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Date:   Mon, 09 Mar 2020 12:41:14 +0100
From:   Toke Høiland-Jørgensen <toke@...hat.com>
To:     Jakub Kicinski <kuba@...nel.org>
Cc:     Alexei Starovoitov <alexei.starovoitov@...il.com>,
        Alexei Starovoitov <ast@...com>,
        Daniel Borkmann <daniel@...earbox.net>,
        Andrii Nakryiko <andrii.nakryiko@...il.com>,
        Andrii Nakryiko <andriin@...com>, bpf <bpf@...r.kernel.org>,
        Networking <netdev@...r.kernel.org>,
        Kernel Team <kernel-team@...com>
Subject: Re: [PATCH bpf-next 0/3] Introduce pinnable bpf_link kernel abstraction

Jakub Kicinski <kuba@...nel.org> writes:

> On Thu, 05 Mar 2020 12:05:23 +0100 Toke Høiland-Jørgensen wrote:
>> Jakub Kicinski <kuba@...nel.org> writes:
>> > On Wed, 4 Mar 2020 17:07:08 -0800, Alexei Starovoitov wrote:  
>> >> > Maybe also the thief should not have CAP_ADMIN in the first place?
>> >> > And ask a daemon to perform its actions..    
>> >> 
>> >> a daemon idea keeps coming back in circles.
>> >> With FD-based kprobe/uprobe/tracepoint/fexit/fentry that problem is gone,
>> >> but xdp, tc, cgroup still don't have the owner concept.
>> >> Some people argued that these three need three separate daemons.
>> >> Especially since cgroups are mainly managed by systemd plus container
>> >> manager it's quite different from networking (xdp, tc) where something
>> >> like 'networkd' might makes sense.
>> >> But if you take this line of thought all the ways systemd should be that
>> >> single daemon to coordinate attaching to xdp, tc, cgroup because
>> >> in many cases cgroup and tc progs have to coordinate the work.  
>> >
>> > The feature creep could happen, but Toke's proposal has a fairly simple
>> > feature set, which should be easy to cover by a stand alone daemon.
>> >
>> > Toke, I saw that in the library discussion there was no mention of 
>> > a daemon, what makes a daemon solution unsuitable?  
>> 
>> Quoting from the last discussion[0]:
>> 
>> > - Introducing a new, separate code base that we'll have to write, support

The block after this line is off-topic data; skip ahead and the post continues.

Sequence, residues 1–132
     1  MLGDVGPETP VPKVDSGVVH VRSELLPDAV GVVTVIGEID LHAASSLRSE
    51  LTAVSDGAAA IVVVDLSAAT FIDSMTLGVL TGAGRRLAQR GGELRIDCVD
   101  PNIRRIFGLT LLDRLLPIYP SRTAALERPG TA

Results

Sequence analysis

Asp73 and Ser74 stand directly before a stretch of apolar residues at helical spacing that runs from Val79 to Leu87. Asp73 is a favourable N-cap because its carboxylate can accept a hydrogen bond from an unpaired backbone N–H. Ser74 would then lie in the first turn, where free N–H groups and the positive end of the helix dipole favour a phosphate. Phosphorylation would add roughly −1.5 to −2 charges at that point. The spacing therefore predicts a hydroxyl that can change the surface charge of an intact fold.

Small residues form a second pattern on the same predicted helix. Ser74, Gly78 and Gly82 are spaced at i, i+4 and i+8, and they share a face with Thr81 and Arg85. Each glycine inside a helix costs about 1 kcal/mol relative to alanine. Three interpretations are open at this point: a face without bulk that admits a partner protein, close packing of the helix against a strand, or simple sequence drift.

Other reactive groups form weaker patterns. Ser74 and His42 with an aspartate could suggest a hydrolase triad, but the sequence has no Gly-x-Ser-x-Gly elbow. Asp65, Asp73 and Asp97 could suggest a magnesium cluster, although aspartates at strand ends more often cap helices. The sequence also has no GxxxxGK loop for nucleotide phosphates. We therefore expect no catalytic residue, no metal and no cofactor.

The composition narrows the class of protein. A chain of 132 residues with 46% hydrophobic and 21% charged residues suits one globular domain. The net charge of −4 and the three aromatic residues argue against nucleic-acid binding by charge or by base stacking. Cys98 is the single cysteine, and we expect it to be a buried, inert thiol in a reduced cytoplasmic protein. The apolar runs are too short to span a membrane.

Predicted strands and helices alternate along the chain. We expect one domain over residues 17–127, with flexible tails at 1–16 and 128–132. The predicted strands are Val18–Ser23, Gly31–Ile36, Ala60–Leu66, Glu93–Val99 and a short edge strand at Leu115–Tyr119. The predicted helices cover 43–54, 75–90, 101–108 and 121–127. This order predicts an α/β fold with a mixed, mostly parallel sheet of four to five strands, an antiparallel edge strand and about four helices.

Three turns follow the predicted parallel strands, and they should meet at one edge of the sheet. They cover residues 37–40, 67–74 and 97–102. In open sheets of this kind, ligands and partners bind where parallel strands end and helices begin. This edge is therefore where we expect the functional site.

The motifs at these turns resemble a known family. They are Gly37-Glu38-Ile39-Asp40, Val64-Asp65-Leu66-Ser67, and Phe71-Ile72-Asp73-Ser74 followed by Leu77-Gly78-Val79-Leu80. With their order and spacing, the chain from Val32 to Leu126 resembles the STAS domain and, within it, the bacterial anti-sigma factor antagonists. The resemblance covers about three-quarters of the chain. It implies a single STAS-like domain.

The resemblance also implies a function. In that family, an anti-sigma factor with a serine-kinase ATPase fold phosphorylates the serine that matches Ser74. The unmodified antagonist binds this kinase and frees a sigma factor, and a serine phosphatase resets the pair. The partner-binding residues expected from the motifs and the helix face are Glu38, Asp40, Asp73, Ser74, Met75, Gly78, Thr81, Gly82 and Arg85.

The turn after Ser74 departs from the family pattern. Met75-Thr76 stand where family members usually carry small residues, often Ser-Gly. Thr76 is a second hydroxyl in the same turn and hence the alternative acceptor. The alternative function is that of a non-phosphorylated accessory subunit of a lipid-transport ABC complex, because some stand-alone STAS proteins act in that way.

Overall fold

>> >   and manage updates to.
>> >
>> > - Add a new dependency to using XDP (now you not only need the kernel
>> >   and libraries, you'll also need the daemon).
>> >
>> > - Have to duplicate or wrap functionality currently found in the kernel;
>> >   at least:
>> >   
>> >     - Keeping track of which XDP programs are loaded and attached to
>> >       each interface (as well as the "new state" of their attachment
>> >       order).
>> >
>> >     - Some kind of interface with the verifier; if an app does
>> >       xdpd_rpc_load(prog), how is the verifier result going to get back
>> >       to the caller?
>> >
>> > - Have to deal with state synchronisation issues (how does xdpd handle
>> >   kernel state changing from underneath it?).
>> > 
>> > While these are issues that are (probably) all solvable, I think the
>> > cost of solving them is far higher than putting the support into the
>> > kernel. Which is why I think kernel support is the best solution :)  
>> 
>> The context was slightly different, since this was before we had
>> freplace support in the kernel. But apart from the point about the
>> verifier, I think the arguments still stand. In fact, now that we have
>> that, we don't even need userspace linking, so basically a daemon's only
>> task would be to arbitrate access to the XDP hook? In my book,
>> arbitrating access to resources is what the kernel is all about...
>
> You said that like the library doesn't arbitrate access and manage
> resources.. It does exactly the same work the daemon would do.

Sure, the logic is in the library, but the state (which programs are
loaded) and synchronisation primitives (atomic replace of attached
program) are provided by the kernel. 

> Daemon just trades off the complexity of making calls for the
> complexity of the system and serializing/de-serializing the state.

What state are we serialising? I'm not sure I would consider just
pinning things in bpffs as "state serialisation"?

-Toke

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